Partygoers who intend to go to wet fetes this Carnival season are asked to think twice before they do so, especially if they complain about the country’s poor water supply and delivery.
You are here
Our athletes must be treated better, now too
Despite the glorious gold medal achieved by T&T’s 4x400 men’s team in the relays final, added to the individual bronze medal from Jereem Richards in the 200 metres final, the theme at these World Championships was not about “Team”, but it was rather “Theme”—that our athletes must be treated better.
Nearly every single athlete, whether individually or collectively had a distinctive message, a painstaking plea, a selfless confession, a rudimentary cry…. a distinctive message.
The question remains—will those in authority finally?
At the IAAF World Championship which ended on Sunday in London, England, the Mascot was named—Hero.
Out of 205 countries that participated, T&T finished tied for 18th place on the medal table with six other countries, with two medals, a gold and a bronze medal.
T&T athletes will not be inconvenienced to imagine and hope that someone can become a hero in their sport, to save them and the youngsters following in their footsteps.
In the best book I have ever read—To Kill a Mocking Bird—Atticus, an honest lawyer, asked the question— which should purvey every conversation on life and love.
“You never really understand a person until you consider things from his point of view. Until you climb into his skin and walk around in it.”
In case you live in space, or your head was buried somewhere dark and dirty, our athletes have not received the necessary funding from the relevant authorities—the Ministry of Sports and SporTT for one not so good reason or another. In fact some, have not received funding since 2015.
The current elite funding system appears to be a total failure and is a sad indictment on the technocrats, who seem to care less for the sporting endeavors of our athletes and more for their willful position and blatant disregard for fair play. A lot of them hide behind innuendos and paperwork and forget the reality is, their wheels of justice move far too slow, for organisations that have over 100 staff members. In fact, without our sportsmen and sportswomen, there would be no need to employ them.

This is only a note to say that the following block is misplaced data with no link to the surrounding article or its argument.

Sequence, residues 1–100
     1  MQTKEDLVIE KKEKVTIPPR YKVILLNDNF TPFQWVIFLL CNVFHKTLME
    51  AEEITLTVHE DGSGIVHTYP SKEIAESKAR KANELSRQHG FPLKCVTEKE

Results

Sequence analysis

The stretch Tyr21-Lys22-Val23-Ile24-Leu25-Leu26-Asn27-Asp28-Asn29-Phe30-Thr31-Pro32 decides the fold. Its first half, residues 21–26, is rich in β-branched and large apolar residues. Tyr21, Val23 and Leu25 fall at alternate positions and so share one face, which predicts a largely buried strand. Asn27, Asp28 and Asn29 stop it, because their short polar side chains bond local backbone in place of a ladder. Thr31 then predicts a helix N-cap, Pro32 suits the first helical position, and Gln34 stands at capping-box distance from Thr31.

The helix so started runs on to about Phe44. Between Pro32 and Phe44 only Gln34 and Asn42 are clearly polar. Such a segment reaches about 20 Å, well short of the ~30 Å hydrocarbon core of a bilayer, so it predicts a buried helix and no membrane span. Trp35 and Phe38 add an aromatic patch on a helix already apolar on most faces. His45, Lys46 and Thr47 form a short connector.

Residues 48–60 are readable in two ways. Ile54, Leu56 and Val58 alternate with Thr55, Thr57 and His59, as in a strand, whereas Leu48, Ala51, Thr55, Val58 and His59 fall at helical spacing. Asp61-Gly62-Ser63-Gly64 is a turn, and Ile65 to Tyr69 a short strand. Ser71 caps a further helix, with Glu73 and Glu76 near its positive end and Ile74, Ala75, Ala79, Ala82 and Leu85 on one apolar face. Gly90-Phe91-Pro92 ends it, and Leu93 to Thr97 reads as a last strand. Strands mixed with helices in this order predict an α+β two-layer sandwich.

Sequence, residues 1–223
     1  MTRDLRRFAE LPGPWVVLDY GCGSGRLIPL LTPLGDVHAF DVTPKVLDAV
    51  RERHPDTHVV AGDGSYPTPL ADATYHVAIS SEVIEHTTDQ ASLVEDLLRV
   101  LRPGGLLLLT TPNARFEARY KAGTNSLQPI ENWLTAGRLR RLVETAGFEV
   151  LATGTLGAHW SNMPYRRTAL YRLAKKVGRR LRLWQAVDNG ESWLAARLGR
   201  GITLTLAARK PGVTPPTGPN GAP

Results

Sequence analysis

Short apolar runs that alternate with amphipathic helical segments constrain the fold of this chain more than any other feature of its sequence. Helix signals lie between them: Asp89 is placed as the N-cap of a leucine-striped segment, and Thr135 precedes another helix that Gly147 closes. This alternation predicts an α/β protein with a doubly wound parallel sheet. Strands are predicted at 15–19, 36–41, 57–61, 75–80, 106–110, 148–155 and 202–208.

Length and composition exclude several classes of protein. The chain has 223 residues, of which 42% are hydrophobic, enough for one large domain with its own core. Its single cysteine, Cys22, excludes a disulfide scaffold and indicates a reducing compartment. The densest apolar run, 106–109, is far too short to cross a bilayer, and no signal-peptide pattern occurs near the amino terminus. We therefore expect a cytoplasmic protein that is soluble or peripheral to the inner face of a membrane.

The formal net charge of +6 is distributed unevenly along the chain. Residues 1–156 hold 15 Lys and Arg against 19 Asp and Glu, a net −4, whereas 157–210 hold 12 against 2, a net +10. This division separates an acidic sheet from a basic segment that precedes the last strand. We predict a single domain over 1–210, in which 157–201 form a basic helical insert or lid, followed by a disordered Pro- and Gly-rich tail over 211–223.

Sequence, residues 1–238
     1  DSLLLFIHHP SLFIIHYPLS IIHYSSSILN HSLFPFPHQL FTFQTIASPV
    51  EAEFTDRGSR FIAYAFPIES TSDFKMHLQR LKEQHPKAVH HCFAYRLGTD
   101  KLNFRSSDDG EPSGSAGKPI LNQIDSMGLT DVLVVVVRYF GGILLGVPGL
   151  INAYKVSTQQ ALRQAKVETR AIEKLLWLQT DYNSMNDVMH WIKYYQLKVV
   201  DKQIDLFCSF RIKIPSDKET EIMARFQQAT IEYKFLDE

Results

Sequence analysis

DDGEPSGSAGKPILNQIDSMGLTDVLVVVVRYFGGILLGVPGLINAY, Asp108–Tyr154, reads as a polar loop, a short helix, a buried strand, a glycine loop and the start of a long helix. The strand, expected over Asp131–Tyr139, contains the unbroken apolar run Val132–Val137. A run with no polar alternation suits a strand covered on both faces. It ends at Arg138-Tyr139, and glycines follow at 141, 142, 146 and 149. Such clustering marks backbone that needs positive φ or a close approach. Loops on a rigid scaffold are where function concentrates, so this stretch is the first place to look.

And while it is fair to admit that some athletes may have been the cause of their own downfall, intrinsically, it is the responsibility of those with the powers to ensure that objectivity replaces the current brazen ineptitude or inefficiency that is handed out to our athletes.
A close friend of mine who is very much involved in sports said these words after the 4x400 metres team gold medal run: “Amazing, so proud of them, but it will all start and end there. Sorry, I’ve seen it to many times.”
From Richard Thompson, not being supported, to Michelle-Lee Ahye not being given the recognition for her tremendous performances in the Rio Olympics of reaching three finals.
Far less our sprinters, quarter milers, hurdlers such as Jehue Gordon (Gold Medallist the World Championships in 2013) being stripped of his dignity and treated as a nobody, and ignored by those in power to our field athletes. The stinging feeling of neglect, of turpentine distaste, or parochial envy is in the air.
However, there is a strong sense that something has to happen now!
This cannot be allowed to fester among our athletes, otherwise things will get far worse before they ever get better.
It is amazing that the relevant authorities do not understand “The Feel Good” nature of sports, and what it can do, for a country. Something to be happy about. So instead of pontificating about the problems in the sports, let us attempt to fairly work with our athletes and try to reach a logical agreement on their behalf as the way forward.
It is foolhardy to take the words of our athletes personally, but given the thin-skinned officials in our sports, that’s very possible. Instead, they must accept that they have made errors of judgment whether it is sins of omission or lack of compassion.
It is never too late to repair damage, once the entire structure has not fallen down. If there is truly love and care in existence, then I firmly believe that all parties can find a comfortable solution.
In conclusion some more words of Atticus Finch must be noted in sports and particularly to those that pull the purse strings of sports in this country: “The one thing that doesn’t abide by majority rule is a person’s conscience.”